Long Island educators are worried how they will make up lost instructional time if there is another bad storm.
"Right now most districts are OK, but if we continue to have bad weather after the February break it is going to be a big problem," said David Feller, president of the Nassau County Council of School Superintendents and superintendent of the North Merrick school district. "So far, we are actually in pretty good shape."
Districts must have 180 instructional days, and nearly all build snow days into their calendars. Before Thursday's storm, North Merrick had trimmed one day from the April spring break and designated the Friday before Memorial Day as a makeup day. The district also has added a day in June, at the end of the school year, Feller said.
In the 2012-13 school year, after schools were closed for unprecedented periods because of superstorm Sandy in October 2012 and a nor'easter the following month, 89 of the Island's 124 school districts used two to five days during the February break.
For most, next week's midwinter break comes "too soon" to use days for makeup time, said Roberta Gerold, president of the Suffolk County School Superintendents Association and superintendent in the Middle Country district.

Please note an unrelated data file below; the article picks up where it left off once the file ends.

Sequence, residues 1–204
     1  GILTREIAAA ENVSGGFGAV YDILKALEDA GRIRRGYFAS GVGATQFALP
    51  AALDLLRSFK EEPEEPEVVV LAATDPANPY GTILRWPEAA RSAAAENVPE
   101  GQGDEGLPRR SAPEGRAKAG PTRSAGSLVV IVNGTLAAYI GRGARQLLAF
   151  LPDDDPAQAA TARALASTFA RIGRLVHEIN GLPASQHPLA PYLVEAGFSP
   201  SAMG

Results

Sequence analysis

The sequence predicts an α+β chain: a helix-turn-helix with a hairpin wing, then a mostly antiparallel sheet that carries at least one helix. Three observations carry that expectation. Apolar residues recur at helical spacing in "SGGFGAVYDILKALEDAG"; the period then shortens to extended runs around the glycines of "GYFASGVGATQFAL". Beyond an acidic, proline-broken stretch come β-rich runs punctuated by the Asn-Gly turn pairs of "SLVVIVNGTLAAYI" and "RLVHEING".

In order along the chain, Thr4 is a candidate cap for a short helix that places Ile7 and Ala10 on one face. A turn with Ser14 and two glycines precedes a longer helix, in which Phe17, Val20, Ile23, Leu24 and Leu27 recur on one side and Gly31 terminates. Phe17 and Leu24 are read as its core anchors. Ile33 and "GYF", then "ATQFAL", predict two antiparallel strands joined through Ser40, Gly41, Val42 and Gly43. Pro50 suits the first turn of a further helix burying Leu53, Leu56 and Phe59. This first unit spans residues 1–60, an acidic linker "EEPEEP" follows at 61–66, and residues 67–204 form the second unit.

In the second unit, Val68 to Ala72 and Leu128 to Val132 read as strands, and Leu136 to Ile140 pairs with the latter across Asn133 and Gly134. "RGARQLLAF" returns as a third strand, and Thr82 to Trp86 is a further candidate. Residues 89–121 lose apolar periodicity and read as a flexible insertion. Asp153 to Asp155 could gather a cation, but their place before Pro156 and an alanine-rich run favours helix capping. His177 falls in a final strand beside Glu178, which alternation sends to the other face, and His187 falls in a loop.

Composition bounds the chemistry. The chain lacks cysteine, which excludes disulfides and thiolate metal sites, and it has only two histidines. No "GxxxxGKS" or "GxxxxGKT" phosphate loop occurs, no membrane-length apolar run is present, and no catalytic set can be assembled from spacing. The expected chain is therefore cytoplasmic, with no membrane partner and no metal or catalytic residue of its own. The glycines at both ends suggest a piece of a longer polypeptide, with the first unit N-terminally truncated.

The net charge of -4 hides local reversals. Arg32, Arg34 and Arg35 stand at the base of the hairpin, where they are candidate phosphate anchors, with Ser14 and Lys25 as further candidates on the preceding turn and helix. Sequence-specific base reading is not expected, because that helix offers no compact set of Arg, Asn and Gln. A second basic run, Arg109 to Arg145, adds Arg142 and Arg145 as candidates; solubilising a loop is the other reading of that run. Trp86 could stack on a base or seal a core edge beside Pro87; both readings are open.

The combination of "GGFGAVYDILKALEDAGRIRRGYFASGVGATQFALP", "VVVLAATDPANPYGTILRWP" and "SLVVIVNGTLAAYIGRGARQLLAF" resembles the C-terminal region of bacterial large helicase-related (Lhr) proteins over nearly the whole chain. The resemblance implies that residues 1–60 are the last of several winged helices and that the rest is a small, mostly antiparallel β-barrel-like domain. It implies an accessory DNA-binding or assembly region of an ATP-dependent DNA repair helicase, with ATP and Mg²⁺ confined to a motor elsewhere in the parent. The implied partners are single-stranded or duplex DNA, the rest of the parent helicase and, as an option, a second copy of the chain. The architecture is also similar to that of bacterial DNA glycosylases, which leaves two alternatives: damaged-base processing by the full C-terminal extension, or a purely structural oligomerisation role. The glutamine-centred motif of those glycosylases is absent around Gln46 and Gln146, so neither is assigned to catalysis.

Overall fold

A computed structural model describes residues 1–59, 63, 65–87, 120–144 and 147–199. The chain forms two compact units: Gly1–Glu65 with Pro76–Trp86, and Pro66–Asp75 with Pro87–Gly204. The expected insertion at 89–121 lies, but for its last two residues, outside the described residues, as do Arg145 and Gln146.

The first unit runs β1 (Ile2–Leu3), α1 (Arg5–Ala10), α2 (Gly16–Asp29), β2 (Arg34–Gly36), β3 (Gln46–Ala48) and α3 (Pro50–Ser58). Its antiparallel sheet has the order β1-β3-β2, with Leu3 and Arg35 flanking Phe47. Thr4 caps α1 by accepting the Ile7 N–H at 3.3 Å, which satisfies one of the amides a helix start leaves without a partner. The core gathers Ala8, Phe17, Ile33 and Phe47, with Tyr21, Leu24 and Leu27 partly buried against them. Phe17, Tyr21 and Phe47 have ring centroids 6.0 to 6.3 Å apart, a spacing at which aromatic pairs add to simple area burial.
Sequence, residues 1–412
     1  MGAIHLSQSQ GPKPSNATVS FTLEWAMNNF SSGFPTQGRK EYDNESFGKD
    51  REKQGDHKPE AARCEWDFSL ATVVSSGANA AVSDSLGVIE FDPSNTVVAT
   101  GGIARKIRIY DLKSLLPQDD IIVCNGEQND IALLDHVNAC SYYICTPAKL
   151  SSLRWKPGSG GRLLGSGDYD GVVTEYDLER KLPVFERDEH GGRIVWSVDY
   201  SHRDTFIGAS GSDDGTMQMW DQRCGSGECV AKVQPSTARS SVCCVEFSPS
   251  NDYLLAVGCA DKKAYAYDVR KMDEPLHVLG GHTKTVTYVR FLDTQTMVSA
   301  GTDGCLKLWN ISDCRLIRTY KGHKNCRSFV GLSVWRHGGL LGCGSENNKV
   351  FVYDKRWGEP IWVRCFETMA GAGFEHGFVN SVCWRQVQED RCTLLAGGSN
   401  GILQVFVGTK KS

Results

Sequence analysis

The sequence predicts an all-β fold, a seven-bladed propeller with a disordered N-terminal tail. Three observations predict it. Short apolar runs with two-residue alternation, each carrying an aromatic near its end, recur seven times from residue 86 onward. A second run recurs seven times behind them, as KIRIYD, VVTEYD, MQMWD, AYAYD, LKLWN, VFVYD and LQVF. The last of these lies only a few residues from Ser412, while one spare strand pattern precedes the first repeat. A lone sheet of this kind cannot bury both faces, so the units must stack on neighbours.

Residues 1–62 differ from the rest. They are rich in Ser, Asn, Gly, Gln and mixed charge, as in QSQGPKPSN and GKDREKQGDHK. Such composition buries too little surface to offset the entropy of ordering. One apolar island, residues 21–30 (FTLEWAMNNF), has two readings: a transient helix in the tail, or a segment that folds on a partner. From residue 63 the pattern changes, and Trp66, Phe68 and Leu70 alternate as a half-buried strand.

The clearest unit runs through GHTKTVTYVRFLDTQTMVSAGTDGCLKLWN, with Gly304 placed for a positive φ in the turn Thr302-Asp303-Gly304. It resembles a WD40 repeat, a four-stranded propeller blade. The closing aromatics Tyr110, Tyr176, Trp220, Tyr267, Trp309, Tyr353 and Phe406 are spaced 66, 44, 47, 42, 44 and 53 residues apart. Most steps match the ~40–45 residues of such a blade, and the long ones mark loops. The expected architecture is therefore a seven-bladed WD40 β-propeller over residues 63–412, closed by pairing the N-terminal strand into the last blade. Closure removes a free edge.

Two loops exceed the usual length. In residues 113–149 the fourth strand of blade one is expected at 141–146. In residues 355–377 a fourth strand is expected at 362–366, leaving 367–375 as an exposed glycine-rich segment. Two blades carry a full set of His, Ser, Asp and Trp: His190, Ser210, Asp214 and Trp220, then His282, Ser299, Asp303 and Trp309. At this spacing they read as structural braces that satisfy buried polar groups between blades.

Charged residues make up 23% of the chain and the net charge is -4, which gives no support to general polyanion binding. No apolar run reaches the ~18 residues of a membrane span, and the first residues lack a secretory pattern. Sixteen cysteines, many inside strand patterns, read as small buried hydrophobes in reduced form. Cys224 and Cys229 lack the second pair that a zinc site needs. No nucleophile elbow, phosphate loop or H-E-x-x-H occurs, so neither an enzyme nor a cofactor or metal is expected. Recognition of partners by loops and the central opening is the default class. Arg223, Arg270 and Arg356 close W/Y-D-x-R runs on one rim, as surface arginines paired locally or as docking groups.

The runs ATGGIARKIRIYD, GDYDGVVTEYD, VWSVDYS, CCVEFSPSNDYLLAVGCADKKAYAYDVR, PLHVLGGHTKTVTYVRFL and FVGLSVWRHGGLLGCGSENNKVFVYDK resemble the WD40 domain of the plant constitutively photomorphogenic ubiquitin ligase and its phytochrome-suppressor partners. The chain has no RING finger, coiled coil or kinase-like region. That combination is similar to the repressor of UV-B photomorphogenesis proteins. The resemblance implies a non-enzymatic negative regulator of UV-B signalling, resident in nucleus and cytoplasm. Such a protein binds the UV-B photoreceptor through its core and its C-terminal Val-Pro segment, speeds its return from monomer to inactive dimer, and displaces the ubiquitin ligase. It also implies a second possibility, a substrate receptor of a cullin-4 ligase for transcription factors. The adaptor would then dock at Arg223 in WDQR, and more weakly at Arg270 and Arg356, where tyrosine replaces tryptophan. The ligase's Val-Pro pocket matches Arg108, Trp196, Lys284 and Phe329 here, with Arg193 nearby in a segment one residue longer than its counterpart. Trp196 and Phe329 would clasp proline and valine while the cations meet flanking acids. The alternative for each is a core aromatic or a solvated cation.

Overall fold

Middle Country school officials built three snow days into the calendar around Memorial Day. The district will use those, as well as the Monday after the April break, as school days.
Gerold said her district initially opted on Wednesday night for a delayed opening Thursday morning. Then, looking at the weather, school officials made the decision at about 7 a.m. to close schools.
"About 6:30 a.m., it started coming down a little faster, and one of my assistants said, 'If we bring them in, we are going to have to send them home,' " Gerold said.
Nearly all Long Island public schools were closed Thursday. A handful of districts -- Bayport-Blue Point, East Hampton, Greenport, Sag Harbor and Westhampton Beach -- opened with a two-hour delay. Wyandanch schools sent students home early, according to the district's website.
Bayport-Blue Point got complaints from some parents for sticking with a two-hour delayed opening. Superintendent Vincent Butera said in a statement that officials made that call about 7 a.m. based on weather conditions at the time and the forecast for the rest of the day.
"Since the forecast predicted that the snow would change over to rain, and the main roads, access and entrance to school buildings were accessible, the district decided to open school after the delay," Butera said.
Pam Varacek, a parent from Blue Point who has a daughter in the high school and a son in the middle school, said classes should have been canceled. "I don't see the reason to put the kids at that kind of risk or the teachers," she said.
In Westhampton Beach, district officials delayed openings at the middle school and the high school but closed the elementary school. Westhampton parent Irina Richardson, who has a son in the middle school, said she got word of the two-hour delayed opening in a call after 5 a.m. "There was the possibility that it would turn to rain, but when it gets to 6 to 6:30 and it is still snowing, you can't take that chance anymore," she said. With Michael R. Ebert